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Longitudinal Sequence and Functional Evolution within Glycoprotein E2 in Hepatitis C Virus Genotype 3a Infection.

Alhammad YM, Maharajh S, Butcher R, Eden JS, White PA, Poumbourios P, Drummer HE - PLoS ONE (2015)

Bottom Line: In the second patient, the ability of the week 36 RBD, just prior to viral clearance, to bind CD81 was reduced ~50% relative to RBD sequences obtained earlier.The binding of a NAb specific to a conserved epitope located within E2 residues 411-428 was significantly reduced by week 108 despite complete conservation of its epitope suggesting that E2 antigenicity is allosterically modulated.By contrast, the exposure of non-neutralizing epitopes was reduced in the patient that cleared his/her infection and could in part be attributed to sequence changes in the igVR.

View Article: PubMed Central - PubMed

Affiliation: Centre for Biomedical Research, Burnet Institute, 85 Commercial Rd, Melbourne, 3004, Australia; Department of Microbiology, Monash University, Clayton, Victoria, Australia.

ABSTRACT
The E2 glycoprotein of Hepatitis C virus (HCV) is a major target of the neutralizing antibody (NAb) response with the majority of epitopes located within its receptor binding domain (RBD; 384-661). Within E2 are three variable regions located at the N-terminus (HVR1; 384-411), and internally at 460-480 (HVR2) and 570-580 [intergenotypic variable region (igVR)], all of which lie outside a conserved core domain that contains the CD81 binding site, essential for attachment of virions to host cells and a major target of NAbs. In this study, we examined the evolution of the E1 and E2 region in two patients infected with genotype 3a virus. Whereas one patient was able to clear the acute infection, the other developed a chronic infection. Mutations accumulated at multiple positions within the N-terminal HVR1 as well as within the igVR in both patients over time, whereas mutations in HVR2 were observed only in the chronically infected patient. Mutations within or adjacent to the CD81 contact site were observed in both patients but were less frequent and more conservative in the patient that cleared his/her infection. The evolution of CD81 binding function and antigenicity was examined with longitudinal E2 RBD sequences. The ability of the RBD to bind CD81 was completely lost by week 108 in the patient that developed chronic HCV. In the second patient, the ability of the week 36 RBD, just prior to viral clearance, to bind CD81 was reduced ~50% relative to RBD sequences obtained earlier. The binding of a NAb specific to a conserved epitope located within E2 residues 411-428 was significantly reduced by week 108 despite complete conservation of its epitope suggesting that E2 antigenicity is allosterically modulated. The exposure of non-neutralizing antibody epitopes was similarly explored and we observed that the epitope of 3 out of 4 non-NAbs were significantly more exposed in the RBDs representing the late timepoints in the chronic patient. By contrast, the exposure of non-neutralizing epitopes was reduced in the patient that cleared his/her infection and could in part be attributed to sequence changes in the igVR. These studies reveal that during HCV infection, the exposure of the CD81 binding site on E2 becomes increasingly occluded, and the antigenicity of the E2 RBD towards both neutralizing and non-neutralizing antibodies is modulated via allosteric mechanisms.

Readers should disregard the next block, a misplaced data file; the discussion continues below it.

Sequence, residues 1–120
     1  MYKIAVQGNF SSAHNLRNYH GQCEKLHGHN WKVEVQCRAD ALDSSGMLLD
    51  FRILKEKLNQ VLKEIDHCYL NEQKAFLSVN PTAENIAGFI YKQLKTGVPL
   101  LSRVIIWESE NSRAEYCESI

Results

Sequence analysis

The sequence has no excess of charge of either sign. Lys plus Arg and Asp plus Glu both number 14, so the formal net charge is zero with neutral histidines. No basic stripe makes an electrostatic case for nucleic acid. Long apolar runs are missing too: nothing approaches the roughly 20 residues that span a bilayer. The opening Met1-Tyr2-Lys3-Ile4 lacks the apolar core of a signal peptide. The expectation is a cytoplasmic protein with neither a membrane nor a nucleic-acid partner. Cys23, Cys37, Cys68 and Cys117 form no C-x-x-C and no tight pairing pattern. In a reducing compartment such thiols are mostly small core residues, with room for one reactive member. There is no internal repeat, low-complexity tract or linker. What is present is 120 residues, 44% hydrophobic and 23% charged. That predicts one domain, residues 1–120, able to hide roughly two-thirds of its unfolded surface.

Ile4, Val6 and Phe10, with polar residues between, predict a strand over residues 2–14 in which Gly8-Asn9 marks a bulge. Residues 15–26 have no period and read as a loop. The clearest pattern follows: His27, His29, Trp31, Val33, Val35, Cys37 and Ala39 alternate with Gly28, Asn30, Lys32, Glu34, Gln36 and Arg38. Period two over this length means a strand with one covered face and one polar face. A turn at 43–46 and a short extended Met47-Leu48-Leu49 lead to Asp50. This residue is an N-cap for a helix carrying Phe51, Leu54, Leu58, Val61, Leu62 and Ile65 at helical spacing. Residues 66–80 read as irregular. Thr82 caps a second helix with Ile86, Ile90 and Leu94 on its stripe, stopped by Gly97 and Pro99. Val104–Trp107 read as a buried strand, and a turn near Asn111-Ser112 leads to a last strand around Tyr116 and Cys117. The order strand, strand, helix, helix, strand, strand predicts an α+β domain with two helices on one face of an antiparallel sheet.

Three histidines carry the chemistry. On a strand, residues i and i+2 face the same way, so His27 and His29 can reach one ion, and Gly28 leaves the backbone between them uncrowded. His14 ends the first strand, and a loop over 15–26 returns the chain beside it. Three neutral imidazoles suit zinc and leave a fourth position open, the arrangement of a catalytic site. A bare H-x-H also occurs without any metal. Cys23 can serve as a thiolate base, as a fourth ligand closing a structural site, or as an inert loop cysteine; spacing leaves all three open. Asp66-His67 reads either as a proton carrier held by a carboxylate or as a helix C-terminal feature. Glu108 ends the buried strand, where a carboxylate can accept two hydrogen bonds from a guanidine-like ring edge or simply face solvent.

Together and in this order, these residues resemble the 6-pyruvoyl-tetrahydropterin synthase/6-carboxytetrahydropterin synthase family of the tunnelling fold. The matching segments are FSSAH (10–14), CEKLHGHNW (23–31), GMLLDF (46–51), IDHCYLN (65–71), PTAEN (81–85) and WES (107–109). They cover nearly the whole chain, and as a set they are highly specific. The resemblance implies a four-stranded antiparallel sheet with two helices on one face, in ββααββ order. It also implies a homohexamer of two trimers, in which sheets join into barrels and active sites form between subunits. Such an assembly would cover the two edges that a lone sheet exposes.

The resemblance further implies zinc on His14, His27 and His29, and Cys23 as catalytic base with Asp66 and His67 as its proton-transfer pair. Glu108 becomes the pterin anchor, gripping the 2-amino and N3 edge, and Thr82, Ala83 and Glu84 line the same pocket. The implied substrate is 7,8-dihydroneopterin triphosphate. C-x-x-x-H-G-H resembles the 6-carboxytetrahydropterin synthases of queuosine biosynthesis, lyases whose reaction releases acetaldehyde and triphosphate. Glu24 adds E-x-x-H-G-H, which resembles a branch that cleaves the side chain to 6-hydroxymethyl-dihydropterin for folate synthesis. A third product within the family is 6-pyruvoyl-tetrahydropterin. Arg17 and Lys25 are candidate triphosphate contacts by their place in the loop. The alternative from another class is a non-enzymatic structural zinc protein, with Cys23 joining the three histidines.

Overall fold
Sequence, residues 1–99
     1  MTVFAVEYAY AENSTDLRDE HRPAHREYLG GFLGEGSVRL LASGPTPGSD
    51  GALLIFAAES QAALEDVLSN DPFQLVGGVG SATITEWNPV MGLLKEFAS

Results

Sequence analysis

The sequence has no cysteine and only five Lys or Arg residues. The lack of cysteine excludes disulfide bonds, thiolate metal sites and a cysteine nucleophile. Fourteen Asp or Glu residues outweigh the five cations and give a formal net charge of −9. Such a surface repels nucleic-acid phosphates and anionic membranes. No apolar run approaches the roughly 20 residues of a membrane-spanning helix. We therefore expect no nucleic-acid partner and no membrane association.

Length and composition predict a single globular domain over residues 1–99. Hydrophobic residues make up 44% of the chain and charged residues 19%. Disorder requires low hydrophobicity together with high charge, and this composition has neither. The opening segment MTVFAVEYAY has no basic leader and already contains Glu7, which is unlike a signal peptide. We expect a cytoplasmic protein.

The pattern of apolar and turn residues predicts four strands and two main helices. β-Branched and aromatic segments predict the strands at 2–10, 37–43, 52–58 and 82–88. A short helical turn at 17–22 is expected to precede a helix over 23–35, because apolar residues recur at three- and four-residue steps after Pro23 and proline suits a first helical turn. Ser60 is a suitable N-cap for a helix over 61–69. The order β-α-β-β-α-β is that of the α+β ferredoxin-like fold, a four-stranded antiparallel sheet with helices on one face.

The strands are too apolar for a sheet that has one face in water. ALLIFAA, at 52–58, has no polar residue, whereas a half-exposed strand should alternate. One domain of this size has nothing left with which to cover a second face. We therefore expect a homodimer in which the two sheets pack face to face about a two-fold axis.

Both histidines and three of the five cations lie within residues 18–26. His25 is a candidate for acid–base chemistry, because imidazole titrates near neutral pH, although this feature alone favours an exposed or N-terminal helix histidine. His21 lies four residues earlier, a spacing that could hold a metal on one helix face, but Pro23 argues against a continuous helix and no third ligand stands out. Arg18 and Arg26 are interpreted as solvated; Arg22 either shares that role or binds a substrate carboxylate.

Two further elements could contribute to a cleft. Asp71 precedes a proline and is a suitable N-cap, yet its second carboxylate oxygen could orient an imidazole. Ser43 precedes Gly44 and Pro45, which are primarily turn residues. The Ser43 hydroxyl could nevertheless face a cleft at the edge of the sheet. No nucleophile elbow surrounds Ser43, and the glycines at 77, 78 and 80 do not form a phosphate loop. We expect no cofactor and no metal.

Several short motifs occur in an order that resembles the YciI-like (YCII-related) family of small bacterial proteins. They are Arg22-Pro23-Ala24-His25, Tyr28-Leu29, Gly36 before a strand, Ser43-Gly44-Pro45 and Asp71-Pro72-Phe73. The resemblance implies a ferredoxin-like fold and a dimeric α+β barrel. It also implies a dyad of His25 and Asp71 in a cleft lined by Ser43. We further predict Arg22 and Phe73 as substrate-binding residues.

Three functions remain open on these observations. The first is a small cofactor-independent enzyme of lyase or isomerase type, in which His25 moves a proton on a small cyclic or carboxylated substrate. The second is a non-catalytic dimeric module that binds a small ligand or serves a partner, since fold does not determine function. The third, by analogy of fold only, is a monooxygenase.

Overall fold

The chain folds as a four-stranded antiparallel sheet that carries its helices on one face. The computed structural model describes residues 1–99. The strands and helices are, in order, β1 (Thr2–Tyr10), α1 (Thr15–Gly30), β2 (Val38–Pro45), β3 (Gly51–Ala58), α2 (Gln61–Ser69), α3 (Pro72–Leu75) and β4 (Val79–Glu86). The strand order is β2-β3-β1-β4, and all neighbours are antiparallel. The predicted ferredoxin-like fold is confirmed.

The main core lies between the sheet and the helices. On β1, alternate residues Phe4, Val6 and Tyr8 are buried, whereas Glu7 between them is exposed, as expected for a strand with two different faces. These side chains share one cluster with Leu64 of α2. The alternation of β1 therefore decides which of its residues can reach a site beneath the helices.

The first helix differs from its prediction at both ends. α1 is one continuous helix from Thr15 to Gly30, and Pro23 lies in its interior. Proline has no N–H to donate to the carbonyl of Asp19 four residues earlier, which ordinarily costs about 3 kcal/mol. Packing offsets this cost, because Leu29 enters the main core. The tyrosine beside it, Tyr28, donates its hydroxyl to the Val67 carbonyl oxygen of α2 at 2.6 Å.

No MeSH data available.


Related in: MedlinePlus

Amino acid changes within the E2 RBD from longitudinal samples of chronic and cleared patients.Samples of HCV infected patients were obtained from the Australian Trial in Acute Hepatitis C (ATAHC) prospective study. cDNA of the HCV E1E2 region was recovered from each timepoint of two patients (A) and (B). At least twenty clones were isolated from five and three timepoints of patients A and B, respectively. Sequences of each timepoint were aligned and amino acid differences within HVR1, HVR2, igVR, and epitopes I, II and III were marked with reference to the earliest timepoint available for each patient. Residue numbering is according to the H77c prototype sequence. SC = screening, BL = baseline.
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pone.0126397.g001: Amino acid changes within the E2 RBD from longitudinal samples of chronic and cleared patients.Samples of HCV infected patients were obtained from the Australian Trial in Acute Hepatitis C (ATAHC) prospective study. cDNA of the HCV E1E2 region was recovered from each timepoint of two patients (A) and (B). At least twenty clones were isolated from five and three timepoints of patients A and B, respectively. Sequences of each timepoint were aligned and amino acid differences within HVR1, HVR2, igVR, and epitopes I, II and III were marked with reference to the earliest timepoint available for each patient. Residue numbering is according to the H77c prototype sequence. SC = screening, BL = baseline.

Mentions: Two individuals from the ATAHC cohort were selected for analysis in this study. One patient developed chronic HCV (patient A) while the other cleared his/her HCV infection after week 36 (patient B). Mutations in the E1E2 region amplified from longitudinal samples that resulted in amino acid changes deviating from the E1E2 sequence obtained at the earliest available time point are summarised in Fig 1 with full sequences of the E2 RBD region provided in S1 and S2 Figs. The overall dN/dS ratios in the E1E2 region for patient A and patient B were similar, 0.74 and 0.76, respectively. However, at individual sites within this region, stronger evidence of viral adaptation was apparent in patient A (S4 Table).